1.3. Mental Health Shame

Mental health shame is feeling ashamed for having a mental health problem (Kotera et al. 2019d), and has been associated with poor mental health in business, psychotherapy, occupational therapy, social work, and nursing students in the UK [10,11,17,18]. One explanation for this association is that mental health shame reduces the likelihood that an individual will seek help for their mental health problems [19]. Indeed, mental health shame was associated with reduced help-seeking among young adults with mental health problems [20], and UK social work students [21].
Mental health shame may be especially prevalent among postgraduate education students because of incompatibility between stigmatised notions of people with mental health problems and idealised depictions of educators. Stigmatised attitudes may be internalised, and result in feelings of shame [22]. Stigmatised beliefs about people with mental health problems include that they are weak, irresponsible, childlike, and unable to care for themselves [23]. Identities associated with teachers include ‘expert’ and ‘authority’ [24], and ‘manager’ or ‘professional’ [25]. These two identities may seem incompatible. Additionally, within the teaching profession, the dominant morality foregrounds institutional wellbeing over individual wellbeing, promoting resilience as the solution to work-based challenges [26]. Trainee teachers may internalise this morality, and interpret mental health problems as reflecting a lack of personal resilience. Thus, they may feel their mental health problems are indicative of weakness and their poor suitability as an educator—exacerbating mental health shame, and preventing help-seeking. Relatedly, caregiver identity may heighten mental health shame. Indeed, among social work students, mental health shame was associated with caregiver identity [10].

1.4. Self-Compassion

Self-compassion is associated with improved wellbeing and decreased mental health problems [27]. The construct has three central components: self-kindness, common humanity, and mindfulness [28]. Self-kindness describes an understanding and sympathetic attitude towards oneself in response to failure or pain (rather than self-criticism and judgment). Common humanity is the feeling that one’s experiences, including painful or difficult ones, are shared aspects of the human condition, and thus are unifying rather than isolating. Mindfulness is a state in which painful thoughts and feelings can be acknowledged and held, but not overly identified with or equated with the self [28]. Neff posits that self-compassion conceptualises a healthy relationship to oneself, and is protective against the negative impacts of rumination, self-judgement, and isolation [28]. Research supports the protective mechanism of self-compassion, and it has been negatively associated with mental health symptoms among UK social work, counselling, occupational therapy, and business students [10,11,12,17] with burnout; reduced wellbeing and self-criticism among UK midwifery students [29]; and with lower distress among university students more broadly [30].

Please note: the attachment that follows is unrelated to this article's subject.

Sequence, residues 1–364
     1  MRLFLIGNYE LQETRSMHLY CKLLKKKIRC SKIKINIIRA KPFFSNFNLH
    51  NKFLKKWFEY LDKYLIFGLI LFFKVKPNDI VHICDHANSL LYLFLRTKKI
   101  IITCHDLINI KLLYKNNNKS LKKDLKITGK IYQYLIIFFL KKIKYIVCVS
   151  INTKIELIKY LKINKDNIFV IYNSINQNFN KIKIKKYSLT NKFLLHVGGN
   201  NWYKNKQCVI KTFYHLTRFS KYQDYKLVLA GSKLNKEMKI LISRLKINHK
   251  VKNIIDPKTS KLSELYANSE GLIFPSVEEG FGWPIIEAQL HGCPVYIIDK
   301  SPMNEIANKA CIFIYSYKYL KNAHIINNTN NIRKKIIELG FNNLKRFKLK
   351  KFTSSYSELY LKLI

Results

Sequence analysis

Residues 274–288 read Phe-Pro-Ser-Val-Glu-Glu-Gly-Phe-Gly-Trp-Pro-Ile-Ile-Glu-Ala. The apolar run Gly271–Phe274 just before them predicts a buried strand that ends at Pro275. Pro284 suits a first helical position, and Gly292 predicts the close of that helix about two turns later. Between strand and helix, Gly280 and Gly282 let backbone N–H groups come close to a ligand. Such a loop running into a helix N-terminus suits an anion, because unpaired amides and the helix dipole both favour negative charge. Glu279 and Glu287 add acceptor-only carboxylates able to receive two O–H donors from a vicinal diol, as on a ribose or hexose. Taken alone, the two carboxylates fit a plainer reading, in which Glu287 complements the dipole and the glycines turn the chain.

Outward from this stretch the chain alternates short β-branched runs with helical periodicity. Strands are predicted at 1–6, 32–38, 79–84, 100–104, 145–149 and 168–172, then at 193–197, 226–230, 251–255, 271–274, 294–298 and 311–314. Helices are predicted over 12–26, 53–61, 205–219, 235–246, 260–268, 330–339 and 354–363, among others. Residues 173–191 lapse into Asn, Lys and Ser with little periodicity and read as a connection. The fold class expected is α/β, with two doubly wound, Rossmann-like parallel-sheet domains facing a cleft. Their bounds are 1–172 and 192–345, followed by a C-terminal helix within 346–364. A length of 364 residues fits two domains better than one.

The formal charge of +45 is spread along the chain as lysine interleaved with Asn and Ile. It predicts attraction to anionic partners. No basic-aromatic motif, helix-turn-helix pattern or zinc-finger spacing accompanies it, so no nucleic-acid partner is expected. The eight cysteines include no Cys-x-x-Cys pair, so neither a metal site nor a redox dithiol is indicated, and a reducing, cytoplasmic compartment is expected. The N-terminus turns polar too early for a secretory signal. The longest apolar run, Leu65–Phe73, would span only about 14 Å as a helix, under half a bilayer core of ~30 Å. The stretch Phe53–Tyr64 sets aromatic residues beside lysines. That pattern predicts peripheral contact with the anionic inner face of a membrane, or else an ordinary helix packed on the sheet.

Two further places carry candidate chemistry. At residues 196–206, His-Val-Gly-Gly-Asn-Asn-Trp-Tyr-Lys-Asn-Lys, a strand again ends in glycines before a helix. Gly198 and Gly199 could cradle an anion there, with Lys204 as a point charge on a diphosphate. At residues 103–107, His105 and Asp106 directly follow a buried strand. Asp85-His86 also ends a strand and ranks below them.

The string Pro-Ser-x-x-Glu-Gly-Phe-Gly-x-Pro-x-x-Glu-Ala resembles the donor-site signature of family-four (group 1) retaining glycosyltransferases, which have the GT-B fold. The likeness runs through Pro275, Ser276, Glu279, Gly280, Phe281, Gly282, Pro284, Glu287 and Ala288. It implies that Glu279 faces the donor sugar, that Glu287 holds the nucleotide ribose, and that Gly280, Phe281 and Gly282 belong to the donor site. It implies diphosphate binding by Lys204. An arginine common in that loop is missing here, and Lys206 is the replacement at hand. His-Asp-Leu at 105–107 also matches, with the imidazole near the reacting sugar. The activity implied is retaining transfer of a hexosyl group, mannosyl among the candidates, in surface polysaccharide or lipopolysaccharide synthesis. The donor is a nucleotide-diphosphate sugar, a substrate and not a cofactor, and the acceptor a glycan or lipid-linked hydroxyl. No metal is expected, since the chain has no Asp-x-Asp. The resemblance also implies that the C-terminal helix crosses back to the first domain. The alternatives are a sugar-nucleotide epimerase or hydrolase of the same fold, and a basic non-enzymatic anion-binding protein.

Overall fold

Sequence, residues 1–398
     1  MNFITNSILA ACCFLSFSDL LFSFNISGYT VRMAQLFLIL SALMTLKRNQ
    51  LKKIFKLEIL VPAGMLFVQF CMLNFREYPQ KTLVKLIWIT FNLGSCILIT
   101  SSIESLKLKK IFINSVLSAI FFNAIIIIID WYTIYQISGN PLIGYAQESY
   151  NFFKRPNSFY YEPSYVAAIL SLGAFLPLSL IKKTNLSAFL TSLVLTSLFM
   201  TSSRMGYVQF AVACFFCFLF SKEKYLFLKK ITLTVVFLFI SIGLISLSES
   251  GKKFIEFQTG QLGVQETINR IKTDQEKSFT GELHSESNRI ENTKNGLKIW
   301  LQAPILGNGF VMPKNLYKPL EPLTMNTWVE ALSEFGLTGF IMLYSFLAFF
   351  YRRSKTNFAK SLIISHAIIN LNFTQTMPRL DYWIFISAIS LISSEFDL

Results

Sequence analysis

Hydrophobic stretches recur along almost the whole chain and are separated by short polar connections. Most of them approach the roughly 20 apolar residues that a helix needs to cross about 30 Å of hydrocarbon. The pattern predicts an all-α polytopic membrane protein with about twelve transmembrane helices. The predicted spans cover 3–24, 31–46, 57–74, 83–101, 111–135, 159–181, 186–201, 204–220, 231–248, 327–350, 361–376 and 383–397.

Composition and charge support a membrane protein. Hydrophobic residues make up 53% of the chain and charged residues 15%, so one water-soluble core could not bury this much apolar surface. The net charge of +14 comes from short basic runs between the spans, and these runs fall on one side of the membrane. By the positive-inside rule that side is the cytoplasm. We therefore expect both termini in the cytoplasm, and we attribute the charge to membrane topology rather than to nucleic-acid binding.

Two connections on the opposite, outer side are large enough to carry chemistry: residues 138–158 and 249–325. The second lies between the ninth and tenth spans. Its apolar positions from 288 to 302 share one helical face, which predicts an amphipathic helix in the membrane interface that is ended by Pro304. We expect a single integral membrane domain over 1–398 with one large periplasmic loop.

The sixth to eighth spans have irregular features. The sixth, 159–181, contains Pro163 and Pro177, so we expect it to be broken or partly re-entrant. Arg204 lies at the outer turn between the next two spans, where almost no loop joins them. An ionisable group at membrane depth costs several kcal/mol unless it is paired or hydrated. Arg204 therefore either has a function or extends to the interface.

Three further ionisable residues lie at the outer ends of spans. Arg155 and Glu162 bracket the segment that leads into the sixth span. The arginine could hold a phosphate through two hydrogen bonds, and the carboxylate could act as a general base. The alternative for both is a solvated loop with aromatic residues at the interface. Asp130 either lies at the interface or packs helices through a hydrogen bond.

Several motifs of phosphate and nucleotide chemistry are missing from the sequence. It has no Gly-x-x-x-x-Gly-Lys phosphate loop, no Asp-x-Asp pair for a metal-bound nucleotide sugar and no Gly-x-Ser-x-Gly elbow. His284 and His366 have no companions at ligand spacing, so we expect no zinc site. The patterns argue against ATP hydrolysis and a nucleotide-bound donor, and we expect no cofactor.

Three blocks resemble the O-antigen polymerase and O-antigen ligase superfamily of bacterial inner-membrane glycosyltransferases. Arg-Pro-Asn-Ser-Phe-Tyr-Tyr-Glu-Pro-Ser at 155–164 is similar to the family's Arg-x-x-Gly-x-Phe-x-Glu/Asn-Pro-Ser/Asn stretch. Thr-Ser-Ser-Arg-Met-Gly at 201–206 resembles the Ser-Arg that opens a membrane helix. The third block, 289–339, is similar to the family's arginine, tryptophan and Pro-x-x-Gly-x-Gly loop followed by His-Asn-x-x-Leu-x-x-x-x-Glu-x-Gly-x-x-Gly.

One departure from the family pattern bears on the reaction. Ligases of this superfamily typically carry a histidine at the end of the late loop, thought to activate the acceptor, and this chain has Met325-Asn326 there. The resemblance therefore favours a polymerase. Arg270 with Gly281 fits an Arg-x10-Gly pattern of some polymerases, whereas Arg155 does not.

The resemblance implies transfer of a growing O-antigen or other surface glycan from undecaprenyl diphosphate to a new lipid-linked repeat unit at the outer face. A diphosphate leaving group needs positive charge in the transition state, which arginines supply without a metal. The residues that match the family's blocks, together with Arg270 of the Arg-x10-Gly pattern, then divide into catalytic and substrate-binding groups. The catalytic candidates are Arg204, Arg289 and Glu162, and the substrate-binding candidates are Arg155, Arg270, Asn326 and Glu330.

1.5. Three Affect Regulation Systems

Gilbert theories that imbalances between the three affect regulation systems can lead to mental health problems. The three systems regulating affect are: (i) the threat and protection system; (ii) the drive, excitement, and resource-seeking system; and (iii) the contentment, soothing, and safety system [31]. Imbalances—especially an overdeveloped and dominant threat system, and an under-activated soothing system—are a source of psychopathology and poor wellbeing [31]. Individuals with high levels of shame and self-criticism have dominant threat systems, and struggle to activate their soothing systems [32]. Thus, self-criticism and shame, in combination with low levels of self-reassurance, leads to an activated threat system, resulting in lowered wellbeing and an increased risk of mental health problems [31]. In contrast, self-compassion activates the soothing system, creating balance between the three systems [31]. Indeed, compassionate mind training reduced participants’ levels of self-criticism and shame [33].
The interplay of affect regulation systems may explain the protective role of self-compassion, and the negative impact of caregiver identity and mental health shame on mental health problems. Mental health shame may result in an activated threat system, increasing risk of mental health problems. Caregiver identity, being positively associated with mental health shame, may also result in an activated threat system. Additionally, caregiver identity may result in heightened self-criticism (associated with the threat system), as individuals feel a sense of failure or inadequacy around experiencing mental health challenges. In activating the soothing system, self-compassion may counter the negative impacts of mental health shame and caregiver identity on mental health problems. However, no study has investigated the relationship between self-compassion, mental health shame, and mental health problems in postgraduate education students. Understanding the prevalence and functions of caregiver identity, self-compassion, and mental health shame in the development of mental health problems among postgraduate education students may help universities and health services develop targeted, ameliorative strategies to prevent or address mental health problems, and improve students’ wellbeing.